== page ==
The gold that paid for a pound of Malabar pepper was melted and fused with the gold that paid for a boatload of North Sea herring, and all of it was simply gold, bearing no trace or smell of the fish or the spice that had fetched it In the case of C lestial Dynamics, the gold the universal medium of exchange, to which everything was reduced was force. Neal Stephenson, Quicksilver Book 1 Quicksilver That one man sickens and dies, while another flourishes, are characters in the cryptic message that philosophers seek to decode. Neal Stephenson, Quicksilver Book 1 Quicksilver gives off a bit of a low brow SF Pynchon vibe It works well in parts, and falls a bit flat in parts dialogue, etc I sometimes wish Stephenson wouldn t chase down every last snowflake I really do, however, enjoy the primary narrator Daniel Waterhouse and his interactions with such figures as Isaac Newton, Samuel Pepys, John Wilkins, etc Having already read Cryptonomicon, I was also glad to see Enoch Root one of my favorite characters from that book Like Pynchon, Stephenson takes historical fiction and probes the fiction needle into history at funky angles He thrills at causing his fictional characters to interact in oblique ways to historical characters Given the large amount of negative space in history think about how much we DON T know about...


  8. Markus Markus says:

    Quicksilver by Neal Stephenson is in some ways the strangest book I ve read this year.The most surprising aspect of the book is the fact that there is no plot I ve read books that have started really slowly, and even books where the author largely ignores plot to focus on building the setting This book, however, has no plot.For all intents and purposes, Quicksilver is The 17th Century The Novel In many ways it feels like the literary equivalent of an open world video game You just go around exploring with the characters, with no context or coherence whatsoever Historical value is incredible Certain individuals, like Isaac Newton, John Churchill and William of Orange, figure heavily Tons of others make shorter appearances As for location, the book takes you everywhere from the port of colonial Boston to the 1683 siege of Vienna.And almost surprisingly, it s charming Almost a thousand pages of exploring a historical setting occasionally becomes an arduous task, but occasionally also becomes an exciting adventure filled with interesting details.The book is divided into three parts Considering the ridiculous size of the whole volum...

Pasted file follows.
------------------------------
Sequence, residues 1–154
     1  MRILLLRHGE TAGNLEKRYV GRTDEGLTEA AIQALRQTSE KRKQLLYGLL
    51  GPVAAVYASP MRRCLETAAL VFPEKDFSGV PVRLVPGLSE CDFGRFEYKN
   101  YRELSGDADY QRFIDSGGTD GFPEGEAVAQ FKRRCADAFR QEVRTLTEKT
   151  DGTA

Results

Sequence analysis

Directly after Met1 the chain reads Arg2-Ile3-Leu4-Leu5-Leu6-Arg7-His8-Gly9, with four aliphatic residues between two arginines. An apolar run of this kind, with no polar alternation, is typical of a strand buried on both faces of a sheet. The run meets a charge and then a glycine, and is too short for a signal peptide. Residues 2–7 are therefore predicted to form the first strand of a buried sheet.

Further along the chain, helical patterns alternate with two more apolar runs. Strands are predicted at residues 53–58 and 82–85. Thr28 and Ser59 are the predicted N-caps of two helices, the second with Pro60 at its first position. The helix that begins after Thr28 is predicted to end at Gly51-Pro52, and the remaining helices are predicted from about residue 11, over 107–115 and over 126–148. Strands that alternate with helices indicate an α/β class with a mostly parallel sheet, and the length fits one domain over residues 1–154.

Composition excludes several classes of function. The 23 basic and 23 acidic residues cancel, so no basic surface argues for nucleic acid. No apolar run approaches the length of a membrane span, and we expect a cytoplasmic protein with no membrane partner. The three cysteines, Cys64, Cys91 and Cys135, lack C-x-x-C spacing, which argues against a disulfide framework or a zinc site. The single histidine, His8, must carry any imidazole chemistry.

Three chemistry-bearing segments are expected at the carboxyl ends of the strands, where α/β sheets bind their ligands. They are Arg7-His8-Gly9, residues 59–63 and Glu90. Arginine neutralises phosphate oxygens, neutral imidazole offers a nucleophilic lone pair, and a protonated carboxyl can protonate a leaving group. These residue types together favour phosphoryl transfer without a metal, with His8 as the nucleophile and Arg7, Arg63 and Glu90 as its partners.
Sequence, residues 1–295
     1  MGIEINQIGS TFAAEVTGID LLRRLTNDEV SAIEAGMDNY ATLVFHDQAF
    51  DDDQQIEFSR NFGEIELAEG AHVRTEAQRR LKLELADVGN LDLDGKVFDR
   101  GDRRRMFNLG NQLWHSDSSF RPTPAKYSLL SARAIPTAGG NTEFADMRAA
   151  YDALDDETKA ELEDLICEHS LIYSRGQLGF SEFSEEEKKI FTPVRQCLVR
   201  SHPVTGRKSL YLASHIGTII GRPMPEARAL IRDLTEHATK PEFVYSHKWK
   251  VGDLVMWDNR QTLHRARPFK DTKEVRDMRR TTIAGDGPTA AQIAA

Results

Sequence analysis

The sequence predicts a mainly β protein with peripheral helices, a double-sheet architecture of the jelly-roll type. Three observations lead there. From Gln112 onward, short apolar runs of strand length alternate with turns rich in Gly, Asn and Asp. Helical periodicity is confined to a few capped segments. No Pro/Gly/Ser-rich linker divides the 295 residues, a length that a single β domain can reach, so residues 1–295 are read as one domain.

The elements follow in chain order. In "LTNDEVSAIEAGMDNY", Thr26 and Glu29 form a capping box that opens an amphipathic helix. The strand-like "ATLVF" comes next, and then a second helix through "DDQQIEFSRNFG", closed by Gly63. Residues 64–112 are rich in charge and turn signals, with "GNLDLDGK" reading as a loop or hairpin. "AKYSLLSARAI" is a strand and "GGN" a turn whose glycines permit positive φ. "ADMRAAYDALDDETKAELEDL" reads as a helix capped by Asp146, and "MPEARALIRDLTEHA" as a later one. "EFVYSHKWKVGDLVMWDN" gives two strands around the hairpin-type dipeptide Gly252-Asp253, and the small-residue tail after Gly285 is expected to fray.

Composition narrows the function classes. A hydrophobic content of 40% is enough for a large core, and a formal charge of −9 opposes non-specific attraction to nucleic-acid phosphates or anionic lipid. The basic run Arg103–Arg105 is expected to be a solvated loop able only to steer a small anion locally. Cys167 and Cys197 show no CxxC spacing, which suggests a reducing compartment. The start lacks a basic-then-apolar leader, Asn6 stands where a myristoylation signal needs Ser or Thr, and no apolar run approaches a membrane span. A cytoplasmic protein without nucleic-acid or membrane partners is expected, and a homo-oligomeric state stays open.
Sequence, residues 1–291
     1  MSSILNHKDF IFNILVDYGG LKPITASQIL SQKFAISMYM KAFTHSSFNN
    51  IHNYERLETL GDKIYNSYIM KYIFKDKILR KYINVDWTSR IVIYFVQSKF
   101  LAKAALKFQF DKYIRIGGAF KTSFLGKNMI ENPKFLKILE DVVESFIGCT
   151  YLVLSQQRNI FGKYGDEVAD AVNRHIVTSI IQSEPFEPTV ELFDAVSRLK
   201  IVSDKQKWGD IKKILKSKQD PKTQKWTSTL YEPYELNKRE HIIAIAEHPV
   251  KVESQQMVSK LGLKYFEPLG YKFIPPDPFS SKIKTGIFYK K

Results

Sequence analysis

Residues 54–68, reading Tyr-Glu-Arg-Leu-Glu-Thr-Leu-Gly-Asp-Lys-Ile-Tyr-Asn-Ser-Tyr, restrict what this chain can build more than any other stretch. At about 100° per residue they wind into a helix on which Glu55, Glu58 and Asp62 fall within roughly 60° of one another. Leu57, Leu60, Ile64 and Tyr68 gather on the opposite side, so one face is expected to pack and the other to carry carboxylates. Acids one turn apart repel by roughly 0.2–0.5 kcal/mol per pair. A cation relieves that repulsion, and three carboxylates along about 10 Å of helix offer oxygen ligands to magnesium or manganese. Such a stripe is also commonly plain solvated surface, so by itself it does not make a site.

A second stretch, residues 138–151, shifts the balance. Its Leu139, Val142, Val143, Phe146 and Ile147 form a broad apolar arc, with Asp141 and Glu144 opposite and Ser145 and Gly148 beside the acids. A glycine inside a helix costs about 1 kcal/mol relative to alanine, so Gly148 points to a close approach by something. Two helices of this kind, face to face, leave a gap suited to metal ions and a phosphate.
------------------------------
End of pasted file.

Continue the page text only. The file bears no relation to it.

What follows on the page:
9. Dan Schwent Dan Schwent says:

    This was the book that knocked Neal Stephenson off of my buy on sight list Too long, nothing happening, the first of three dauntingly large volumes That about sums it up.


  10. Sud666 Sud666 says:

    Neal Stephenson books are not for everybody Actually, they are but not everybody will like them This will certainly be the case for Quicksilver It s a love it or WTF did I just read kind of reaction A NS book is often dense and erratic in the linear story Mr Stephenson has a myriad of interests and a sizeable intellect backing him up His stories tend to delve in a variety of side topics all of which are very informative but outside the normal story arc and that can be off putting to many who dislike tangential topics to the main plot Well..you have been warned For the rest of you that like NS, let me tell you about Quicksilver.It is a book broken up into three parts The first part, Quicksilver, is flashback of the early life of Daniel Waterhouse during the early 1700s The second part, King of the Vagabonds, focuses on James half Cocked Shaftoe and the vast majority takes place circa 1683 The final part, Odalisque, goes back to D Waterhouse and details his exploits during his time as a courtier for Charles II of England.Set during t...